WASHINGTON (NEXSTAR) – Today marks the deadline for states to request doses of the first coronavirus vaccine.
The U.S. government should start distributing millions of shots across the country within a week or two, but even those first in line will still have to wait.
“There are going to be people who deserve it and need it who just aren’t gonna have it right away,” said Dr. Scott Harris, Alabama’s state health officer.
The federal government will divide its first shipment of vaccine doses among federal agencies and states based on population. Harris said his state considers about 360,000 residents top priority, including healthcare workers, and nursing home residents and employees, but he expects to receive about 41,000 doses.
“We initially thought we’d be getting ten times that much,” he said.
Harris stressed that’s only for the first shot. The Pfizer vaccine requires a second dose three weeks later.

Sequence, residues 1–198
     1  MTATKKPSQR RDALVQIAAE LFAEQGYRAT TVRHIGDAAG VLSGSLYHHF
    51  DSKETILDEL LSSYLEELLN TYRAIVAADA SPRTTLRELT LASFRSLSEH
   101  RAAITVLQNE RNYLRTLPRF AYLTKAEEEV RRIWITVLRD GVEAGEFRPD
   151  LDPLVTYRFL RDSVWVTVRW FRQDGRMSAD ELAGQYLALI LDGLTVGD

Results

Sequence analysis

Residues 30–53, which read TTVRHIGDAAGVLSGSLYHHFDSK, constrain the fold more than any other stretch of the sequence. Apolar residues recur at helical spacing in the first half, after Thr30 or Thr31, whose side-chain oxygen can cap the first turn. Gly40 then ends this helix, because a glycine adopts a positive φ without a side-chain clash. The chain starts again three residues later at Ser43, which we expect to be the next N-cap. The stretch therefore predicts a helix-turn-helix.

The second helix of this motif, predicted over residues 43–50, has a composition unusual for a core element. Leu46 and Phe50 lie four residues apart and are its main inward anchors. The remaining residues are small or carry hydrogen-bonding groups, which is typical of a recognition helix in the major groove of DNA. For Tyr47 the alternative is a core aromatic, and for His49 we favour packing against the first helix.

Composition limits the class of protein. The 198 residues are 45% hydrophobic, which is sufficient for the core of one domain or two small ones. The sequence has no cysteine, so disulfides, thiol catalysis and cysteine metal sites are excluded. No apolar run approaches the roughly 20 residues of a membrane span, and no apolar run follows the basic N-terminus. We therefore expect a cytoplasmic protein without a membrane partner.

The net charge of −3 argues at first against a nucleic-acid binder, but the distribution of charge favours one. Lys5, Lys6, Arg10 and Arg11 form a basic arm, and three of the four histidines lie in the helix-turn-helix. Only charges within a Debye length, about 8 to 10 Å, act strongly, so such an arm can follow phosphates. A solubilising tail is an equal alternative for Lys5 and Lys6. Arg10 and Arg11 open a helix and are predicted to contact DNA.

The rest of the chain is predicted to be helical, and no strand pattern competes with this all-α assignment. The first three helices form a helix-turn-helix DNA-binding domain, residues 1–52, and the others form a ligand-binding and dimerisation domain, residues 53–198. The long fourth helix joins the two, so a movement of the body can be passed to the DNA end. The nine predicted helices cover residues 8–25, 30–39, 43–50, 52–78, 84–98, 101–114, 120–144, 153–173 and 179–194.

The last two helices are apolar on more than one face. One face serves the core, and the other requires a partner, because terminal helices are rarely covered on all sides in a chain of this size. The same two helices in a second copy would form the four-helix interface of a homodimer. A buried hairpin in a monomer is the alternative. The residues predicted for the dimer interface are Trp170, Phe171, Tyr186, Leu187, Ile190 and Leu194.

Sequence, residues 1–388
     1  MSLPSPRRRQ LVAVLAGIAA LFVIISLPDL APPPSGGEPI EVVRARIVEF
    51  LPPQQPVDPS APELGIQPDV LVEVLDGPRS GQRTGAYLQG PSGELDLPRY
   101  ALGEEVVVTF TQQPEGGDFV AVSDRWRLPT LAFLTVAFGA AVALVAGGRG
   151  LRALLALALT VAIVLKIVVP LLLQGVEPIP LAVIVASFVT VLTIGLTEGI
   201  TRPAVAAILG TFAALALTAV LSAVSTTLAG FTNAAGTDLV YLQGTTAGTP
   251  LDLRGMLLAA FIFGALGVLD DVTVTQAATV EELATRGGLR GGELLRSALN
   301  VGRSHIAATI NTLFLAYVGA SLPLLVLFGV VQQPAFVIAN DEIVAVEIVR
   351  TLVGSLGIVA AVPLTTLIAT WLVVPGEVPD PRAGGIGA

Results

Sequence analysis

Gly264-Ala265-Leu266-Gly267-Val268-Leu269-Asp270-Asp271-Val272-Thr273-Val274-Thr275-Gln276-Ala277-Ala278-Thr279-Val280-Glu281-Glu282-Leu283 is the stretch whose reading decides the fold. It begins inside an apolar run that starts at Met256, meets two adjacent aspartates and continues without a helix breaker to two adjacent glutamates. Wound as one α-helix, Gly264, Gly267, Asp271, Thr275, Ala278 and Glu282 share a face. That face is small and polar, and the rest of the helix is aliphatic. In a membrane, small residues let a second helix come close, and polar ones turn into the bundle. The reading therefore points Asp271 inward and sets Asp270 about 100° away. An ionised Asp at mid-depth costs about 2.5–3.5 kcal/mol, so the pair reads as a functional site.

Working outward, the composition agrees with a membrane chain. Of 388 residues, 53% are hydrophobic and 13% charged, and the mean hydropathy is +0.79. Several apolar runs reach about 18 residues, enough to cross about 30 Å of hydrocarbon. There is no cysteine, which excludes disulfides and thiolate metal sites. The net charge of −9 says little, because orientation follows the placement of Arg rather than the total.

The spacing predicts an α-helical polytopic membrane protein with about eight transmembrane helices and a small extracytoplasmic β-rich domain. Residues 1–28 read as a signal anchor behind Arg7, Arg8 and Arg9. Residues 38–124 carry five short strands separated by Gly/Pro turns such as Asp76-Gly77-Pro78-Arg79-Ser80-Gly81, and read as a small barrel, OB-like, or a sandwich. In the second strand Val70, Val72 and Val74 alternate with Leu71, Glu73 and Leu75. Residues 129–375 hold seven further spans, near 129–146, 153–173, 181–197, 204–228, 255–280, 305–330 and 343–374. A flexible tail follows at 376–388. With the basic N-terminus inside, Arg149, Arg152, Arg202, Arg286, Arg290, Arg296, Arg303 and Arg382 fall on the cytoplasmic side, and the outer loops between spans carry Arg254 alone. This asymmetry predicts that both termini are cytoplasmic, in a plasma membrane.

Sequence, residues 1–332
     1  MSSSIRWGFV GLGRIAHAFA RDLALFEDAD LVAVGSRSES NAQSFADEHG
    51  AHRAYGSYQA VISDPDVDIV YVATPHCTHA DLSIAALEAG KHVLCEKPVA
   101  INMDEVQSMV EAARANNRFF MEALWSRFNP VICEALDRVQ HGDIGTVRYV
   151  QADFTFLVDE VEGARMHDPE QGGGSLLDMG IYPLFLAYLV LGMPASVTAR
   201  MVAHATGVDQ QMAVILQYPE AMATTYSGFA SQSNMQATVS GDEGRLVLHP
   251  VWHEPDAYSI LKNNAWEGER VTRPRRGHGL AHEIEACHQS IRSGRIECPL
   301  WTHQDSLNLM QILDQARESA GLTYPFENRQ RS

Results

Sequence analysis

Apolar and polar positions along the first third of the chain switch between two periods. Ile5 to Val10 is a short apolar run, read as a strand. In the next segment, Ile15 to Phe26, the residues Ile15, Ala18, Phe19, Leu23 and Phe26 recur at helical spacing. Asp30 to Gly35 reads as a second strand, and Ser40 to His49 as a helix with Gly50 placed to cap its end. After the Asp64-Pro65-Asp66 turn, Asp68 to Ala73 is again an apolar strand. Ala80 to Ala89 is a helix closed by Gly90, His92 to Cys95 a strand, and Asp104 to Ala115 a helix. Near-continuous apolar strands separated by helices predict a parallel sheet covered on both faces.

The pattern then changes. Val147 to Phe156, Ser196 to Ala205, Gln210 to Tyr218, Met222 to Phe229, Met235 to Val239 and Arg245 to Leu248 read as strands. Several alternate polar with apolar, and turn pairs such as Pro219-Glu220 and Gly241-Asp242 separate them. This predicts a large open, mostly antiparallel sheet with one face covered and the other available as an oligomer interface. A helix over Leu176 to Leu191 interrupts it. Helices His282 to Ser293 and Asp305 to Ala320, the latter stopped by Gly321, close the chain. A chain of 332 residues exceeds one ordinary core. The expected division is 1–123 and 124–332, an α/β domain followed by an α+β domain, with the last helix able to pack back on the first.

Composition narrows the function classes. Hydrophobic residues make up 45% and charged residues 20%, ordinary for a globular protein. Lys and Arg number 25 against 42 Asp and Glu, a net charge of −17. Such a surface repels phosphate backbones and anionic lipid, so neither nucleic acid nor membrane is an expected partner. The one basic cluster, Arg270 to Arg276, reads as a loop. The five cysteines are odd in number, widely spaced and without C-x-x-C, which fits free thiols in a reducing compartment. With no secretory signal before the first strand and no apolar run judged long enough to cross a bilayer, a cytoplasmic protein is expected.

“There’s still levels of risk that we’re trying to take into account as we decide who goes first,” he said.
These are decisions every state will have to make, including Alabama’s neighbor, Tennessee. State health officials expect about 56,000 doses but consider 450,000 people top priority.
“It certainly makes sense to me that frontline workers would be the first,” said Sen. Marsha Blackburn, R-TN.
Blackburn said the vaccine is also vital to Americans further down the line, like teachers.
“You’ve got children that need to get back to school,” she said.
Sen. Doug Jones, D-AL, worries the pandemic will continue to get worse before it gets better.
“Our COVID-19 cases and hospitalizations are at record highs, record highs in Alabama and across the country,” Jones said.
Lawmakers and health officials hope these numbers quickly change as Moderna’s vaccine rolls out soon after the Pfizer one, and other companies seek approval.